Of all the qualities and states of being we experience when we travel, safety is undeniably the most important. Somewhat paradoxically, suppliers and government regulators have to be obsessed with it so that passengers don't have to be.



We think that's the way it should be. When it comes to boarding a public conveyance, travelers shouldn't have to worry about safety. The business of transport works best if safety is so good, so thorough, so ingrained into the design and maintenance of the equipment and the training of the operators that consumers can take it for granted.

We've come pretty close to achieving that in the developed world. By most statistical measures, travel for most of us is safer than staying home.

Equally important, passengers "feel" safe. Every year billions of travelers and daily commuters step into cabs, transfer shuttles, motorcoaches, airplanes, cruise ships, trains and ferries with a reasonable expectation that they will be safe.

They have to. Without that reasonable expectation, the system breaks down, and the business of transporting passengers becomes impossible. The last thing any transportation provider wants is for passengers to start wondering about safety.

But despite the best efforts of the bus industry and the Transportation Department to maintain safety and the feeling of safety, we suspect some motorcoach passengers are beginning to wonder about the recent string of fatal bus accidents along the East Coast.

Last week's incident in Virginia was the fourth fatal accident this year and the second involving a so-called curbside or "Chinatown" bus offering discounted scheduled service to New York. Worse, the bus company, Sky Express, was already under investigation for a number of previous mishaps.

A study by DePaul University researchers last year reported that, largely because of the growth of such operators, scheduled bus service had become the fastest-growing mode of intercity travel in the U.S. for the third consecutive year.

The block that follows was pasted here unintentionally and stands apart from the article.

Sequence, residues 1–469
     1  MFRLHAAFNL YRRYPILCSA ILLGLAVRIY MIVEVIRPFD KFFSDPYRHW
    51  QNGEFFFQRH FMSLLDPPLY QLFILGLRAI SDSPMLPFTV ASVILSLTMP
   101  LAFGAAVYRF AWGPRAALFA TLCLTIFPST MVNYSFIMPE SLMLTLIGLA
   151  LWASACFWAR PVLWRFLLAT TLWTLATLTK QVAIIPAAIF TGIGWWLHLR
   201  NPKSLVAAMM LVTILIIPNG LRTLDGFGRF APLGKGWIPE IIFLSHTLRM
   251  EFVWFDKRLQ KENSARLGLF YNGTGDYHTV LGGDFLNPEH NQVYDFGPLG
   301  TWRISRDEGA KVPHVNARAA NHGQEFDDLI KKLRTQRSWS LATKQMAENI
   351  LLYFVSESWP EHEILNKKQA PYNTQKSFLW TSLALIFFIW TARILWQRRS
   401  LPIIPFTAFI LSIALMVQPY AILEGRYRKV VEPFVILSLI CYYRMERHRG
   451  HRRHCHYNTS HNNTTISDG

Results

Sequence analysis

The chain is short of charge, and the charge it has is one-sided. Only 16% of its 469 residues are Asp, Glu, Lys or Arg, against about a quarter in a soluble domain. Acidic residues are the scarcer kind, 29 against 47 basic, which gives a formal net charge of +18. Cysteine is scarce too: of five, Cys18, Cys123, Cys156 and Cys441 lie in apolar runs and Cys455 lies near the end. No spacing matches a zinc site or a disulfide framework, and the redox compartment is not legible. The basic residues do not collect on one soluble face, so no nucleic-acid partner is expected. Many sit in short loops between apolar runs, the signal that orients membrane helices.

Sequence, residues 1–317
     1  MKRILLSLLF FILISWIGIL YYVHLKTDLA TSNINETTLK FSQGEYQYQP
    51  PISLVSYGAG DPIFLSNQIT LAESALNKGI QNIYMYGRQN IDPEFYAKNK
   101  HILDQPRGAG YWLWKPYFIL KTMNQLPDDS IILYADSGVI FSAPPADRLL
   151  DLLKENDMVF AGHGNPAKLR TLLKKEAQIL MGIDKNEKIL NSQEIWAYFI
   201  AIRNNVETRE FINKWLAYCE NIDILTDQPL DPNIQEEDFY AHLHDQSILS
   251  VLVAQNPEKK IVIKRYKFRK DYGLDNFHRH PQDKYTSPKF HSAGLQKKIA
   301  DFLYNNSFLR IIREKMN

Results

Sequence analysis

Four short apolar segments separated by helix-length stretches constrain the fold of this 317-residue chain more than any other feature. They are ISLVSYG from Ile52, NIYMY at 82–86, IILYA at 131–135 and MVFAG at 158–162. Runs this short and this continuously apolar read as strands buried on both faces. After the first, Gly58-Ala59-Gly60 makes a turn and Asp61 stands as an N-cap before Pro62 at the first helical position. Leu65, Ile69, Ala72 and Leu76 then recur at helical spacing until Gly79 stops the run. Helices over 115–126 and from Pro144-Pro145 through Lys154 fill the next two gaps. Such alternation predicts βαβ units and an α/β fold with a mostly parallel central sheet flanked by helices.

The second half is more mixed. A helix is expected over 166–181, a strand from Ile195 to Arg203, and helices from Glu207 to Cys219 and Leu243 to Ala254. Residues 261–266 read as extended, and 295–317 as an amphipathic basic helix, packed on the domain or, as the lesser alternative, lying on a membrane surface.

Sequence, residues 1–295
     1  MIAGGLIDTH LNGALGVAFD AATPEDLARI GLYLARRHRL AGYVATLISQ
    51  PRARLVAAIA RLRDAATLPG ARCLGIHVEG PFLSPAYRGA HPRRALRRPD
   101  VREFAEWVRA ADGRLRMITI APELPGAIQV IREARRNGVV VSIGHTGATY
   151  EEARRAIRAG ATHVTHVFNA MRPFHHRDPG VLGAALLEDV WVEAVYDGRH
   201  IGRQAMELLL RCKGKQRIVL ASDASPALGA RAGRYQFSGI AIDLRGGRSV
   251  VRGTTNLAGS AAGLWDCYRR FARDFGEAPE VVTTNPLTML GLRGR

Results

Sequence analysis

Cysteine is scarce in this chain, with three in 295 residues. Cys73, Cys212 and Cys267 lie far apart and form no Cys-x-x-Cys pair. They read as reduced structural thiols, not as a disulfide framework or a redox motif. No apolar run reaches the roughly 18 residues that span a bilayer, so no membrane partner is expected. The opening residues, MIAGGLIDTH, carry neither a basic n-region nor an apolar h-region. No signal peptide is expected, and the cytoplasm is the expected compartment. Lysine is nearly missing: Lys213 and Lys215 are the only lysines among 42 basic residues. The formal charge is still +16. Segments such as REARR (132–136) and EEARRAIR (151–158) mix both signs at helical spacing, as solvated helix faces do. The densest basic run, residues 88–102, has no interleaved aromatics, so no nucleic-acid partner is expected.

That may help explain why the DOT, two years ago, began a multipronged initiative to improve bus and motorcoach safety through tougher standards, stricter enforcement and more intense monitoring.

At the time, the DOT noted that bus accidents were resulting in an average of 19 passenger fatalities per year. Statistically, that would seem to be an acceptably low number, given the total passenger population of some 750 million. With a population that large, the difference between 19 and zero is not large.

Still, it also says something reassuring about our culture of safety that government and industry officials view it as a gap worth closing.

This won't be easy. In 2010, the DOT counted 12,000 registered interstate passenger carriers and more than 800,000 vehicles. Its roadside inspections by the Federal Motor Carrier Safety Administration last year resulted in out-of-service orders for 4.8% of drivers and 6.7% of vehicles.

Those numbers were better than the results for roadside inspections of heavy trucks, but they don't seen to be trending downward. During a two-week period last month the DOT conducted more than 3,000 such spot checks, resulting in the issuance of out-of-service citations to 127 drivers and 315 vehicles.

That's more than 10% of the vehicles, and we don't think it's a number that makes travelers feel particularly safe.
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